Key considerations of the National Development Plan to influence the extractive policy

24 Jan 2023
24 Jan 2023

Written by Zandile Munyai.


South Africa is infamously known for being the most unequal nation in the world. Owing to the country’s history of racial segregation and economic challenges, there are limited employment opportunities and “key productive assets” such as skills, education, and land. The unequal access to these opportunities contributes to the relatively poor quality of life in South Africa. The first National Development Plan for South Africa (“NDP”) was launched in 2012 by the former Minister in the Presidency, Trevor Manuel. The NDP aims to reduce poverty and inequality by 2030. The NDP was designed by the National Planning Commission to advance the growth and development of South Africa, after consulting with South African citizens, organisations and governmental departments over a period of two years.  Based on the concerns raised during consultations, the NDP sets out key considerations or imperatives as well as recommendations on how they can be met. Therefore, the ‘considerations’ refer to various issues or target areas the State wishes to address in order to meet the imperatives of the NDP. The relevant organs of state are required to review existing extractive policies and draft new policies that will ensure consistency and coherence with the imperatives and considerations outlined in the NDP. 

The importance of host state considerations

The key considerations outlined in the NDP that will influence extractive policy include economic growth and development, ensuring social justice, environmental sustainability and political rights. Firstly, the NPD aims to reduce the unemployment rate to 6 percent by the year 2030 from 24.9 percent at the time the plan was drafted and implemented in 2012.[1] Further, the NDP aims for the Gross Domestic Product (GDP) to increase 2.7 times between 2012 and 2030, which would require an annual growth rate of 5.4 percent throughout the period.[2] The creation of employment opportunities is important and promotes the economic advancement of poor South Africans.[3]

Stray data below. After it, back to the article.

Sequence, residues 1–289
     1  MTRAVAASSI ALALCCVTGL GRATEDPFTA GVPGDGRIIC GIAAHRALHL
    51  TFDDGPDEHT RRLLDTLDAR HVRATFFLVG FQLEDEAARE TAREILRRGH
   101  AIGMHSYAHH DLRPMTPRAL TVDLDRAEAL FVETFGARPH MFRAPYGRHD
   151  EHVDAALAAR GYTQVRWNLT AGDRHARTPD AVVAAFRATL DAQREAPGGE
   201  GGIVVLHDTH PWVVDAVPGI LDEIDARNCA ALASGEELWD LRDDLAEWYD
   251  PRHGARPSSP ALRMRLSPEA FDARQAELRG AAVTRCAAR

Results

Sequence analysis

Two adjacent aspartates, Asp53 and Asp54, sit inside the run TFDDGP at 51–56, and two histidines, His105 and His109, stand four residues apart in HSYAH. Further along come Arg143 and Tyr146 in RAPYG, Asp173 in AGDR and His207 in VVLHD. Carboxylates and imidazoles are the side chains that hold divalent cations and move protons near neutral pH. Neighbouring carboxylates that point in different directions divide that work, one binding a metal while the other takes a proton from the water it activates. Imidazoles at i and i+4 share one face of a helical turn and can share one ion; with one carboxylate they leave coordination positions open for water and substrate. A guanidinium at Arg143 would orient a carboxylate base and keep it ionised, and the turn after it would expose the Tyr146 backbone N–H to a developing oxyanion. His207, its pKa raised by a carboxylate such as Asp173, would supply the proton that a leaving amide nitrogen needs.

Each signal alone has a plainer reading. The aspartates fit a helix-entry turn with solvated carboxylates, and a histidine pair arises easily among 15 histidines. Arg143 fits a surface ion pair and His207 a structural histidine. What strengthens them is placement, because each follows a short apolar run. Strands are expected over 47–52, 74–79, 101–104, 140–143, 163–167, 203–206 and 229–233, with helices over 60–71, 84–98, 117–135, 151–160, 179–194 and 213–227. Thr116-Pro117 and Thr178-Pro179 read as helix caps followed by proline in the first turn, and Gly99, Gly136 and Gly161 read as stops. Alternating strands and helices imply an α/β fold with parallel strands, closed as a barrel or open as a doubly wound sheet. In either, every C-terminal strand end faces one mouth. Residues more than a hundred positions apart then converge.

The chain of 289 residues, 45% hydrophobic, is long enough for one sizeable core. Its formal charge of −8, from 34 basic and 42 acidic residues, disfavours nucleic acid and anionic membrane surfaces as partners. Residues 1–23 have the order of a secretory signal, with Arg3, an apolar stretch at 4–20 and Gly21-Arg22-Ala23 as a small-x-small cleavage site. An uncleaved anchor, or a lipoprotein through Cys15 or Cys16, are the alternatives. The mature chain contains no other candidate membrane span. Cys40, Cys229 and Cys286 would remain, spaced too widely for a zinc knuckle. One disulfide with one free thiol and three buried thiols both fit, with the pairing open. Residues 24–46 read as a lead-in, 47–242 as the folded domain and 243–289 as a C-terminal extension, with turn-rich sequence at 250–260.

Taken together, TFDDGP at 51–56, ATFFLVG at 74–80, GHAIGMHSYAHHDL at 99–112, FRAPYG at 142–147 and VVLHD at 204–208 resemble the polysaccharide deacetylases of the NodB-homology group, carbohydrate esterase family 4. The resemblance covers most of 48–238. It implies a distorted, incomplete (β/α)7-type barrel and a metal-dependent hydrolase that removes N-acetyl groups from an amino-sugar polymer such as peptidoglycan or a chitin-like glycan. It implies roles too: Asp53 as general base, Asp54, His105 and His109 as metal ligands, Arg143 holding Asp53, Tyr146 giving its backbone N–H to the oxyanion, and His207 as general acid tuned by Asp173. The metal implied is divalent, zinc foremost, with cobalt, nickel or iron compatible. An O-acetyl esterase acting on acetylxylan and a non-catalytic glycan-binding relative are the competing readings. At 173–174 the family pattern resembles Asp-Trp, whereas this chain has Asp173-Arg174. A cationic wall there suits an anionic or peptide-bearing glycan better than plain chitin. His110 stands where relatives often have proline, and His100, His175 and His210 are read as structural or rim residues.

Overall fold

The extractives industry in South Africa is a potential ‘economic multiplier’. The capital invested for the exploration and development of natural resources, as well as the fiscal revenues and income generated from the trade of these resources, could have a positive impact on the economic activities of other sectors outside of the extractives industry. The increased economic activity in other sectors would subsequently stimulate the GDP growth, which improves the prospects of achieving the economic growth targets set in the NDP. It is important to emphasise that there is a positive relationship between the GDP growth and the increase in employment opportunities. StatsSA explains that when the GDP growth is strong, employers can employ more people and can afford to pay higher salaries. 

Secondly, the legislature must consider the promotion of social justice and cohesion in extractive policies. Mining communities and those directly affected by the extractives sector, such as mine workers, are some of the least protected people in the country. The lack of political will to improve social conditions in these communities as well as the increased conflict between the stakeholders has resulted in the violent death of mine workers in the Marikana Massacre and more recently, the violence that has erupted between the mining community and  ‘Zama-Zama's or illegal miners in Kagiso on the West Rand. Mining communities bear the brunt of mining operations which negatively affect their health, environment, homes and infrastructure. Yet, they benefit the least from the proceeds generated from mining developments. Therefore, when drafting the extractives policy, the legislature must consider effective ways to protect these vulnerable groups against corrupt mining companies and government ineptitude, as well as to improve their standard of living.